When a man dies a dog should be tied at his feet.
When the dog sees the demon; it will smite it.
[...] will be like a nasu that has been seen by a dog. (Vendidad)

[Should the dead person be a woman with child, two dogs were needed, two yellow dogs with four eyes; totally, eight eyes.]

Sag-did ceremony, however, was an overture for a new development in killing Nasu (what has already been killed); a more radical project toward the exclusion of bones, toward generating something external to the elements of Genesis Project yet assumed to be an inter-phase between elements (Air, Earth), something that takes its own line of flight for leaving the ground of the living behind in rest and then come back with radical plagues: Dust (dry GAS)

Pulvis ad Pulverem or Immaculatus, the Persian plague. Dakhma or Dahma or poetically, Tower of Silence was a tower built on hilltop or on an elevated ground away from human dwellings. The Tower is a round monolithic structure built with saruj (traditional hardening glue in Iran more powerful than cement) and stone. A few steps from the ground lead to an iron gate which opens on a circular platform of solid stone with a circular well in the center.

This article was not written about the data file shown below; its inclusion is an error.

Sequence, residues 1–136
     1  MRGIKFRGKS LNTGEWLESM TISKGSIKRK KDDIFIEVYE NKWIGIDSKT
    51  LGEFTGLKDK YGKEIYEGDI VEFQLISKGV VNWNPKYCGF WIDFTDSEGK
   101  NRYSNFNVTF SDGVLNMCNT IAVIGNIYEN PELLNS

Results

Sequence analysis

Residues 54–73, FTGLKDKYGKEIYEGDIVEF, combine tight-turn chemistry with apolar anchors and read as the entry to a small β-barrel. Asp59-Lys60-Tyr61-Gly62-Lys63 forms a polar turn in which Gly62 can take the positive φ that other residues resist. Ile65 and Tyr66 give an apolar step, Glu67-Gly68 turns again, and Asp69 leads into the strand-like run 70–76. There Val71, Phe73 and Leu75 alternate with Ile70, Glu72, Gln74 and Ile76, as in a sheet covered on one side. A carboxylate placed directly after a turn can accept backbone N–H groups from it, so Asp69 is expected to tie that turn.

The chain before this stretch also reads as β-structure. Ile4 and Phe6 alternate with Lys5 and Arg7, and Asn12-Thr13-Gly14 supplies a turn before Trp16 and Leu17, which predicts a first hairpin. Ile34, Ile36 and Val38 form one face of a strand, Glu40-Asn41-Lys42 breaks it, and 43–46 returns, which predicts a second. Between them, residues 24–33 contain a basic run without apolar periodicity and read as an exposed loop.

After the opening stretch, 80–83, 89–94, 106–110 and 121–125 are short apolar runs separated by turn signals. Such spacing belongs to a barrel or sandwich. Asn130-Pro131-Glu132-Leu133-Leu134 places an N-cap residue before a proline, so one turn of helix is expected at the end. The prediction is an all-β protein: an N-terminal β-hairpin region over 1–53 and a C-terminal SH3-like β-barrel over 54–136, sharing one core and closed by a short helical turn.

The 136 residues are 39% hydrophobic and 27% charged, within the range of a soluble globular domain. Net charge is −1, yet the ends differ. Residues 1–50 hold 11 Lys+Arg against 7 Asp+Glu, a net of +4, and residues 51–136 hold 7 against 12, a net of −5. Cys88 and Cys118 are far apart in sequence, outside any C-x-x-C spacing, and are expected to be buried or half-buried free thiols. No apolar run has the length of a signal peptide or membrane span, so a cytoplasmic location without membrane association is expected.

The following is a short description of the tower written by Nusserwanjee Byrawjee, the late Secretary of the public charity funds and properties of the Parsi community:

"First row for corpses of males. Second row for corpses of females. Third row for corpses of children.

[...]The clothes wrapped round the corpses are removed and destroyed immediately after they are placed in the Tower.